PetroCaribe safe - Agreements between Venezuela and Jamaica secure, says embassy official
Charge d'Affaires of the Venezuelan Embassy, Luis Gutierrez, said the Nicolas Maduro administration remains committed to bilateral agreements between the troubled South American nation and its Caribbean counterparts, including Jamaica.
Rocked by an ongoing economic and political crisis, Venezuela has seen its financial output slashed in half since the start of the year because of low price for oil on the world market.
Subsequently, the economic fallout has stoked massive food shortage and constant electricity blackouts for millions of people.
More than 70 people have been killed in incidents linked to ongoing protests in that country since the opposition launched anti-government demonstrations at the start of April.
Quizzed as to whether Jamaica stands to lose the preferential pricing arrangement guaranteed under the PetroCaribe Agreement, and whether or not her government was pleased with Jamaica's stance in relation to the unfolding crisis in Venezuela, Gutierrez said she was not worried. She said that her government remained committed to the bilateral arrangements and trade between the two countries.
PetroCaribe is an agreement between Venezuela and several Caribbean territories to purchase oil on preferential payment conditions. The agreement, which began in 2005, allows beneficiary nations to buy oil at market value but only pay a percentage of the cost up front. The balance can be paid over 25 years at one per cent interest.
"I have been in contact with the authorities here, and we respect the position of the Government of Jamaica regarding the issues. We are called by our government to respect the various positions of all nations," Gutierrez said at a press conference at the Venezuelan Embassy yesterday.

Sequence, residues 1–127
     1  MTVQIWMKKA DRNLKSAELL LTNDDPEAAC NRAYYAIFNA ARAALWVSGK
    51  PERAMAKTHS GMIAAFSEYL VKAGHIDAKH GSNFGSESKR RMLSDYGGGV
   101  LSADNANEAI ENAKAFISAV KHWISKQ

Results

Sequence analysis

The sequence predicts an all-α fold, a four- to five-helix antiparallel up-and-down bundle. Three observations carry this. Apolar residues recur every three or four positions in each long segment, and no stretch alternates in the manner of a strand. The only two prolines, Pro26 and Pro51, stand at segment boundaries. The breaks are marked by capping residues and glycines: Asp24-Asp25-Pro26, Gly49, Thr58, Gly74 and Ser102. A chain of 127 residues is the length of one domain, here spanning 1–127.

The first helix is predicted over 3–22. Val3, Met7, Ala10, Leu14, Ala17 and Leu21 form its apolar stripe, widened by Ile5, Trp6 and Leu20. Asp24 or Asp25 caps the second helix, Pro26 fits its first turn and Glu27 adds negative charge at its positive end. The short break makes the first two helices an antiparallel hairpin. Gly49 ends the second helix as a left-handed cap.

Prime Minister Andrew Holness last year signalled Jamaica's intention to stand in solidarity with President Maduro, although at the time, the position taken raised questions about the safe operation of the Jamaican Embassy in Caracas.
Close relationship with Jamaica
"We have had a very close relationship with Jamaica and it became even closer when President Hugo Ch·vez visited in 1999. It was his first overseas trip as president, and we respect the solidarity of Jamaica in the sense of the comprehension of the complex situation that we are facing in Venezuela," Gutierrez said.
She noted that the troubling state of affairs in the oil-rich nation will take time to be resolved, and accused the country's main opposition party of pandering to outside influence in an effort to topple Maduro's presidency.
"Recent Venezuelan history shows that whenever the political opposition in that country feels it has support from the Organization of American States, they increase a practice of violence, destabilisation that seeks to delegitimise the power of the presidency," Gutierrez stated.
"We have seen internal issues that are never accepted in any other country, that insult the authority of the presidency," she added.
The European Union recently urged the Venezuelan government to set a clear calendar for elections, even though constitutionally mandated polls are not due until 2018, while regional elections are due in December 2017.